When multiple members of a team all focus on a single issue or piece of work to get it completed as soon as possible

SWOT (Strengths, Weaknesses, Opportunities, Threats)
A brainstorming event, used in risk identification and analysis.


Takt Time
The drum beat or rhythm of delivery items which the team need to keep to in order to deliver on time.

Team Norms
The team agreement or charter on the ways of working agreed by the team themselves. The ground rules.

Technical Debt
A term used to describe the accumulation of code that is difficult to maintain or scale. Over time as code is amended or components are on older unsupported versions this will often slow down future development. This code debt needs to be paid back by frequent tidying and updating – Refactoring

Test Driven Development (TDD)
A technical form of testing usually done by software engineers themselves, involves writing a failing unit test, then writing just enough code to make it pass, and then refactoring to improve the code.

The largest unit of work in an Agile project. Above Epics. The Theme is the strategic initiative and helps define the Vision and goals below it in the hierarchy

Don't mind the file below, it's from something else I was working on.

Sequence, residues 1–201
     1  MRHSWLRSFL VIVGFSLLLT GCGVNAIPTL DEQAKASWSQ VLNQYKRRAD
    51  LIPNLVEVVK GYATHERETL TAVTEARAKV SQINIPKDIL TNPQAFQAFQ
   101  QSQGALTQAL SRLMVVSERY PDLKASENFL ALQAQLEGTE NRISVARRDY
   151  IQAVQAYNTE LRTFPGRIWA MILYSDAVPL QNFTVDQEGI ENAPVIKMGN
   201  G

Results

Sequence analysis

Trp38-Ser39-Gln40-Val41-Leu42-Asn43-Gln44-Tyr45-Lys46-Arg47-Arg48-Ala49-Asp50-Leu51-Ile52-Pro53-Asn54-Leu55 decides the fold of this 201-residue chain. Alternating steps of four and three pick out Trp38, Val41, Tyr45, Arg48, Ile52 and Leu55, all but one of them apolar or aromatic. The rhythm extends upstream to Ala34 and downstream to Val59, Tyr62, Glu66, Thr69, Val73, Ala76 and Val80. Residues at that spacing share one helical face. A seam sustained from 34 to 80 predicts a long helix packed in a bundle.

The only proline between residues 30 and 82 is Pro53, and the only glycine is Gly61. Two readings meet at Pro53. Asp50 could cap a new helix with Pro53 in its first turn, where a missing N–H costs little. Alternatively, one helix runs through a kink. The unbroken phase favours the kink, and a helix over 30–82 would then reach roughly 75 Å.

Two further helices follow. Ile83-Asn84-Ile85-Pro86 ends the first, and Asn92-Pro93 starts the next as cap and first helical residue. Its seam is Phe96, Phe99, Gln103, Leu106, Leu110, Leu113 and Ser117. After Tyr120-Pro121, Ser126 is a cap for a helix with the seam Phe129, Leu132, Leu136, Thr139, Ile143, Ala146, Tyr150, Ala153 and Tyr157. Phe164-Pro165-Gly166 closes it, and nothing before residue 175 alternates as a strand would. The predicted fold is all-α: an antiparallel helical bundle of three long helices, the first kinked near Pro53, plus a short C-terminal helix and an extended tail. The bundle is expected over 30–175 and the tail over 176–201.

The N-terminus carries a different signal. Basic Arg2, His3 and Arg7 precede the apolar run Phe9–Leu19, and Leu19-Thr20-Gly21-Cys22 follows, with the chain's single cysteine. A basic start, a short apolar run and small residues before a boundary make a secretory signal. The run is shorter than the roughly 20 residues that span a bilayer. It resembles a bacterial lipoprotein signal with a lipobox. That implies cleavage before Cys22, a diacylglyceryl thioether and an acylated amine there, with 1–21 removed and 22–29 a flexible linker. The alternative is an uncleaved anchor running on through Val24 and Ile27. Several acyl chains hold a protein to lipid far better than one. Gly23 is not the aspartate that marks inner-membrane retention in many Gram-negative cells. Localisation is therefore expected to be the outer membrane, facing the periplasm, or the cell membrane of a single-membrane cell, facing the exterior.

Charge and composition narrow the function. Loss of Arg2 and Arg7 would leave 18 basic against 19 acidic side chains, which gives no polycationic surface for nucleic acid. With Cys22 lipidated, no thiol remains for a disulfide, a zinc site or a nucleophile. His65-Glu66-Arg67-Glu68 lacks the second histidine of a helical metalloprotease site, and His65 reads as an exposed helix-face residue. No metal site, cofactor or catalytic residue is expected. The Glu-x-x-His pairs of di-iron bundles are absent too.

Theory of Constraints (ToC)
This theory says that all systems will have some sort of bottleneck that is the overriding constraint to the flow of work. Often this can be identified by work queueing up just before the bottleneck. Teams should aim to remove bottlenecks if the flow is insufficient. The constraint will then move to the next most constricting factor.

A Kanban lagging metric that measures the average number of work items completed in a given period. It can be a useful alternative to Velocity.

Based on temporal motivational theory, a timebox is the maximum amount of time permitted for an activity, creating a sense of pressure to complete the work. It is the fixed amount of time allotted for an iteration or sprint of development. For example: